Scoring of phenotypic characters: Measurements of phenotypic traits for all plants were made on fresh material. Flowers were harvested at midday on the day of anthesis. Each flower was dissected with the aid of a stereoscope and length of individual parts (sepals, petals, anthers, filaments, styles, and ovaries) was measured to the nearest 0.1 mm using an ocular reticle. In addition, for anthers, lengths of fertile and sterile regions were estimated by measuring stomium length, which corresponds well to pollen-sac length (Figure 2). Whole anthers were stained in 0.2% aqueous crystal violet for 30 sec and destained in dH2O to aid in visualizing the stomia. Thirty flowers from parents and F1 and five from each F2 plant were measured.
The number of flowers produced per inflorescence was counted, 30 inflorescences each for parents and F1 and 10 each for F2 individuals. Counts were made using inflorescences that were fully developed, i.e., in which the youngest (most distal) bud was at or near anthesis; often a final bud was initiated but did not develop fully, and these buds were not counted. Branched inflorescences, and those bearing foliage leaves, were not used.
Statistical analysis of phenotypic data: Means, standard deviations, Pearson correlation coefficients, and covariances were calculated for each phenotypic trait using the general linear model (GLM) procedure of SAS (SAS Institute 1989). Genetic variances and covariances were calculated by subtracting the phenotypic variances and covariances of the F1 population from those of the F2 population (Falconer 1989); this makes the assumption that genotype-environment interactions are not a factor.
Southern blotting and hybridization: Genomic DNA was extracted from fresh young shoots via a modified cTAB extraction (Okadaet al. 1997). Southern transfers were produced by digestion of genomic DNA with one of four restriction endonucleases (EcoRI, EcoRV, HindIII, and DraI), agarose gel electrophoresis, and solvent transfer to nylon membrane (Whitkuset al. 1992).
Tomato genetic probes (Tanksleyet al. 1992) were obtained as plasmid DNA from Steven Tanksley at Cornell University and prepared as described in Okada et al. (1997). Briefly, probe DNA for hybridization was generated by bacterial transformation, miniprep extraction, and insert excision via gel isolation. Alternatively, direct amplification of plasmid inserts was used to prepare some probes. Oligolabeling of probe DNA, hybridization, and washing of Southern blots were done as described in Okada et al. (1997).
Marker selection, map construction, and QTL mapping: Of 117 probes surveyed, 54 appeared to be polymorphic between the two parents. Behavior of questionable probes was rechecked in parents and F1. Forty-seven probes were deemed usable in the F2 and were used for mapping. Of these, 5 were dominant and 42 were codominant. Segregation ratios were checked using a chi-square test (Weaver and Hedrick 1989). A linkage map was constructed using MAPMAKER/EXP v3.0 (Landeret al. 1987; Lincolnet al. 1992). QTL Cartographer v1.13 (Bastenet al. 1999) was used for single-marker regression analysis and interval mapping and for permutation tests to determine experiment-wide significance levels for each of the traits.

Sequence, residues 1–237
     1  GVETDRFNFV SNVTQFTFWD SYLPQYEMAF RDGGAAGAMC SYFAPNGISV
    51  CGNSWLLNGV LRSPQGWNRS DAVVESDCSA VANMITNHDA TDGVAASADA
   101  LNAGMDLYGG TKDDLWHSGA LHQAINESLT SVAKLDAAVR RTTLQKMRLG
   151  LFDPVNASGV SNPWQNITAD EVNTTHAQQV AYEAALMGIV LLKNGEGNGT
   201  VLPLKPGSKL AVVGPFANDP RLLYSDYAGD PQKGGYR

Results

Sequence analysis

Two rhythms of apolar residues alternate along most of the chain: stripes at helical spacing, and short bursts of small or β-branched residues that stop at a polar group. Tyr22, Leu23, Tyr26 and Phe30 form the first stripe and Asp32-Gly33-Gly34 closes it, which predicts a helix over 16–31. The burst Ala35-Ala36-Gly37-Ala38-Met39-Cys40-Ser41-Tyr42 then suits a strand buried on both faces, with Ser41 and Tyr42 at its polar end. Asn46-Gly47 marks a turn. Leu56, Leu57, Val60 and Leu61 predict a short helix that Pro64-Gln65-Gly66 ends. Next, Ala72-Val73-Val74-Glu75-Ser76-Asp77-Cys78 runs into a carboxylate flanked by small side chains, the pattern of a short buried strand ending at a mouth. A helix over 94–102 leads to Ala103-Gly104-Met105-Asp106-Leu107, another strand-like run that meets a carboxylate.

Phenotype of parents, F1, and F2: Results of phenotypic measurements for parents, F1, and F2 are summarized in Figure 3. The parents possessed large and distinct differences for each character, the outcrosser consistently being the larger of the parents. All characters showed quantitative inheritance in the F2 generation.
The number of flowers per inflorescence was 4.8 (60%) greater in the outcrosser than in the selfer, although with a substantial amount of variation, particularly in the outcrosser (Figure 3A). Relative to their parents, the F1 was intermediate in this character, with essentially no dominance toward either parent. F2 plants exhibited significant transgressive segregation, with the mean of the F2 population slightly exceeding the larger parent. The smaller parent inflorescence size was not recovered in the F2 population.
Petals were 4.5 mm (46%) longer in the outcrosser than in the selfer; they were intermediate in the F1, although with a moderately high degree of dominance toward the larger parent (Figure 3B). The mean petal length in the F2 population was very close to the mean of the parents. A small portion of the F2 population had petals shorter than the smaller parent, and the larger parent length was not recovered. Two widely spaced peaks occur in the F2 distribution, a large peak between 12 and 13 mm and a smaller peak between 10 and 11 mm.
Anther length showed a similar pattern of inheritance to petal length. Anthers, and their fertile and sterile portions, were greater in the outcrosser by 3.0 mm (41%), 1.1 mm (24%), and 1.9 mm (77%), respectively. Total anther length in the F1 was intermediate with some dominance toward the larger parent, and the F2 mean was exactly intermediate between the parents (Figure 3C). There are also two peaks in the F2 distribution, although they are closer together than those in petal length. The dominance in the F1 appears to be due to the dominance in the fertile portion of the anther (Figure 3D), which is nearly complete. In contrast, the sterile portion of the anther (Figure 3E) shows very little dominance. The F2 mean for fertile length is well below the mean parental length, and the mean F2 sterile length is greater than that of the parental mean by an equal amount. The secondary peak in overall anther length is also seen in sterile length, but not in fertile length. All parental lengths were recovered in the F2, with the exception of sterile tip length for the outcrosser.